If Gov. Paterson cuts funding to the state-run Metropolitan Transportation Authority as expected, the MTA may make up for the cut by slashing payments to its pension fund, the Bond Buyer reports (you need a subscription).

The MTA would use the temporary savings to repay some of its short-term debt. It incurred this debt earlier this year in anticipation of bailout money (shockingly, the MTA did this borrowing even though we told it not to).

Paterson has proposed to cut MTA operating funding by $115 million, mostly by slashing the “dedicated sales, petroleum, and transportation-related taxes” upon which the authority has long depended, notes the Bond Buyer‘s Ted Phillips.

MTA CFO Gary Dellaverson said yesterday that the cuts present a dilemma, because the authority must repay its short-term bonds by the end of the year. So the MTA likely will solve the dilemma by delaying monthly pension-fund payments until next year, reports Phillips.

Remember: A few months ago, the MTA went to the state begging for a bailout, or else draconian service cuts and other bad stuff would ensue. So the state, after much hand-wringing, enacted a new $1.5 billion downstate payroll tax for the authority.

So here’s what downstate New Yorkers should be wondering: was that bailout really just another back-door tax hike for New York State?

It’s only because the MTA can now count on its new payroll-tax subsidy that the state even dares to reduce its other dedicated gas- and sales-tax subsidies and some of that money to the general state deficit instead.

In effect, then, part of the MTA bailout money, which comes at a high economic price, is just going to bail out Albany and its overbloated spending elsewhere.

The state can only do this, too, because, as ever, the MTA is willing to play financial sleight-of-hand to please the politicians.

You may also like

MTA’s Casino Funding Takes Voters For A Ride

As the Legislature prepares to authorize new downstate casinos, some voters who supported the amendment are discovering they came up snake-eyes. Read More

MTA: Overtime down, take our word for it

Every year for over a decade, the Empire Center has submitted Freedom of Information Law (FOIL) requests to the Metropolitan Transportation Authority for the payrolls of MTA corporate subsidiaries. And in almost every one o Read More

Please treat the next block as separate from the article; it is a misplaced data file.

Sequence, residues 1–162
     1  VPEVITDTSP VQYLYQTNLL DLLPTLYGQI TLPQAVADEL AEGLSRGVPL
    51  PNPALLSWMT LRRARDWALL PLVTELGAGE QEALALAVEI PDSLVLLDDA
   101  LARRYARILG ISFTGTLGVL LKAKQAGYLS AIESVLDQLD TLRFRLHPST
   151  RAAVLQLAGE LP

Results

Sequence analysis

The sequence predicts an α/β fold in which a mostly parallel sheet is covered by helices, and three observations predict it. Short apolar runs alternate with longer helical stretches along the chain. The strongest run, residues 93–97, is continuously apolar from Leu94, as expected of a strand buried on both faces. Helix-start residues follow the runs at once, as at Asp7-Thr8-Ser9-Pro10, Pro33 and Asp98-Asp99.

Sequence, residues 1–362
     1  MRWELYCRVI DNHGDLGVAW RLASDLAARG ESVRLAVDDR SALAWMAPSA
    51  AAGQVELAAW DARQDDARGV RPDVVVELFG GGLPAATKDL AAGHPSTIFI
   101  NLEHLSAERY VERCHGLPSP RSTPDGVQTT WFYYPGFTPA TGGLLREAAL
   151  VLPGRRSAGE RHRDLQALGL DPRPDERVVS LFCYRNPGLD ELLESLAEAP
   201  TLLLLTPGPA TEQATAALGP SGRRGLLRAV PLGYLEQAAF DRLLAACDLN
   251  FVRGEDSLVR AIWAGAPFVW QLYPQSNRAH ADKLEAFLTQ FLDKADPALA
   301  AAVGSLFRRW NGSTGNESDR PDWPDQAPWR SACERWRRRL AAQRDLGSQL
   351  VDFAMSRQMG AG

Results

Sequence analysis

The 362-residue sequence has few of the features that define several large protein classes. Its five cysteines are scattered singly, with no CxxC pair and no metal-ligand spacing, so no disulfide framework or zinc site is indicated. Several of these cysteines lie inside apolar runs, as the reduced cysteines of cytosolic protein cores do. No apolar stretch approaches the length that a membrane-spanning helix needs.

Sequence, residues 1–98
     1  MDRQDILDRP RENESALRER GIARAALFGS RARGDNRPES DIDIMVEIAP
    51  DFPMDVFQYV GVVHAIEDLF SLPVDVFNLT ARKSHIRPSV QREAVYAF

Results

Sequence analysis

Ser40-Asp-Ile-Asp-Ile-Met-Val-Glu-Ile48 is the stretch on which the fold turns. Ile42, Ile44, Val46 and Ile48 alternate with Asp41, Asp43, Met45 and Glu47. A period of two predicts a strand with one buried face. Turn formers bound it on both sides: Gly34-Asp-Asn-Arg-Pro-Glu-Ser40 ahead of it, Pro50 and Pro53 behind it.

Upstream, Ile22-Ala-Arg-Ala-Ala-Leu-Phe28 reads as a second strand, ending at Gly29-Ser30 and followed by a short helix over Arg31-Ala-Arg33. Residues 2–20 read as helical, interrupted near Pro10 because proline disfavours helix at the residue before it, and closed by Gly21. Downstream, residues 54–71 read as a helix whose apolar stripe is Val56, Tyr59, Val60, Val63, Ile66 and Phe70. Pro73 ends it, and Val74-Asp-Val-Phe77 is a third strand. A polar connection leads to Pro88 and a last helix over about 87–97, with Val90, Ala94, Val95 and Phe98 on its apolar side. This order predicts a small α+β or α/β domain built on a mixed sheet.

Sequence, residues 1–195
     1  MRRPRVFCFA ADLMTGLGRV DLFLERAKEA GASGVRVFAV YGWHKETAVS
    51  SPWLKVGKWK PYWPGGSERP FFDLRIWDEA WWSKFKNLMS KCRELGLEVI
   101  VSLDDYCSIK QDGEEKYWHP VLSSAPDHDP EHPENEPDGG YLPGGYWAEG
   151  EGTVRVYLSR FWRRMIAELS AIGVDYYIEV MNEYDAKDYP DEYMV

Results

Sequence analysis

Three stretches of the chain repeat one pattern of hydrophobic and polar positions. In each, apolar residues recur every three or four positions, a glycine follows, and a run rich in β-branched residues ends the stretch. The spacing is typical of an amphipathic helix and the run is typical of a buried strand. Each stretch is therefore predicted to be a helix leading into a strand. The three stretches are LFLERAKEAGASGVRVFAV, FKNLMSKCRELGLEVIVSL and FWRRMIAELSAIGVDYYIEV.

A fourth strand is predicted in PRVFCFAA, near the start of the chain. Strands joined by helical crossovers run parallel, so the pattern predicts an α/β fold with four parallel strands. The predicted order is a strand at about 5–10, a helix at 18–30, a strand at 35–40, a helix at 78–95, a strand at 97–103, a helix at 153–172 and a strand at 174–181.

Policing the MTA’s overtime police

The Metropolitan Transportation Authority has assigned its own police force to monitor attendance and overtime use by Long Island Railroad employees, the Daily News reports. Read More

Cuomo’s magical mystery cash

So, how is Governor Andrew Cuomo paying for that $100 billion infrastructure "development initiative" that, as he put in his State of the State message yesterday, "would make Governor Rockefeller jealous"? The answer: for the most part, he actually isn't. Read More

Power for tolls?

The New York Power Authority (NYPA) could be taking the money-losing state Barge Canal off the back of the Thruway Authority under the fiscal 2017 state budget that will be proposed today by Governor Andrew Cuomo. Assuming this Buffalo News report is true, it would explain how Cuomo intends to finance his proposal to freeze Thruway tolls for five years even while building the $4.8 billion Tappan Zee Bridge replacement. Read More

Robert Moses, call your office!

Apparently looking to make a big splash with a pre-budget rollout of downstate infrastructure initiatives, Governor Andrew Cuomo aimed for the biggest body of water he could find: the Long Island Sound. The "2016 agenda" Cuomo unveiled before the Long Island Association today included revived plans for a third track on the main line of the Long Island Railroad, improvements to regional airports and other development projects. But the governor couldn't resist capping off the agenda with a real attention-getter: a $5 million feasibility study of "a tunnel connecting Long Island to either the Bronx, Westchester County or Connecticut." Read More

Highway project highlights waste

Governor Cuomo last week announced the completion of a construction project in Orange County, four years after the state Department of Transportation (DOT) deliberately added at least $4 million to the cost by improperly steering jobs to Hudson Valley unions—and cost taxpayers up to $22 million for the way it did it. Read More

A check on transparency

The MTA has now paid the Empire Center's expenses for a successful lawsuit compelling timely release of the agency's payroll data. Read More